Benitez also believes the ban in question does not provide a "reasonable fit" to any articulated goal of the state of California's:
The State's preliminary theoretical and empirical evidence is inconclusive. In fact, it would be reasonable to infer, based on the State's evidence, that a right to possess magazines that hold more than 10 rounds may promote self-defense—especially in the home'and would be ordinarily useful for a citizen's militia use. California must provide more than a rational basis to justify its sweeping ban on mere possession…
The government's evidence that the ban is well suited to a compelling state goal "often seems irrelevant," Benitez adds. It largely consists of random news stories involving guns causing harm; many do not even mention magazine size.
Even the most supposedly thorough empirical data the state brings forward do not, in the judge's read, support the state's belief that there is a reasonable fit between its goals and this magazine ban:
of the 92 mass killings occurring across the 50 states between 2013 and 2009 [in a Mayors Against Illegal Guns study used by the state in this case], only ten occurred in California. Of those ten, the criminalization and dispossession requirements of § 32310 would have had no effect on eight of the shootings, and only marginal good effects had it been in effect at the time of the remaining two shootings….
On this evidence, § 32310 is not a reasonable fit. It hardly fits at all. It appears on this record to be a haphazard solution likely to have no effect on an exceedingly rare problem, while at the same time burdening the constitutional rights of other California law-abiding responsible citizen-owners of gun magazines holding more than 10 rounds.
The state claims the ban is aimed at halting "gun violence," but as Benitez notes,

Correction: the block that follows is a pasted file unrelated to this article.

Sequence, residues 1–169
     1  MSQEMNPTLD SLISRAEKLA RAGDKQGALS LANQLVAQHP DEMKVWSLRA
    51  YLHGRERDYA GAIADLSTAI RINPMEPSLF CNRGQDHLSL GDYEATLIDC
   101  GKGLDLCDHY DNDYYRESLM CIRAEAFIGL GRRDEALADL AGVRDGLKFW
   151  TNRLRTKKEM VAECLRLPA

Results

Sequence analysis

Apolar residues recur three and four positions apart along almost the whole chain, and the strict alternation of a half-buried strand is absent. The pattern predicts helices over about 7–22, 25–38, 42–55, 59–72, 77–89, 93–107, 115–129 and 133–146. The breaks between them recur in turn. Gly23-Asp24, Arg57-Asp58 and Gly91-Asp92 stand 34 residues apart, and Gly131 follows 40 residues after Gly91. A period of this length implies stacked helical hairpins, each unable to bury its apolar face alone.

violent gun use is a constitutionally-protected means for law abiding citizens to protect themselves from criminals. The phrase "gun violence" may not be invoked as a talismanic incantation to justify any exercise of state power. Implicit in the concept of public safety is the right of law-abiding people to use firearms and the magazines that make them work to protect themselves, their families, their homes…[I]t would indeed be ironic if, in the name of public safety and reducing gun violence, statutes were permitted to subvert the public's Second Amendment rights—which may repel criminal gun violence and which ultimately ensure the safety of the Republic.
For those reasons and more, Benitez concludes that California's new magazine confiscation "hits close to the core of the Second Amendment and is more than a slight burden. When the simple test of Heller is applied, a test that persons of common intelligence can understand, the statute is adjudged an unconstitutional abridgment."
Benitez also concludes that this confiscation, even beyond Second Amendment concerns, amounts to an unconstitutional taking of personal property.
David Kopel at the Washington Post has a smart, detailed analysis of the decision's twists and turns.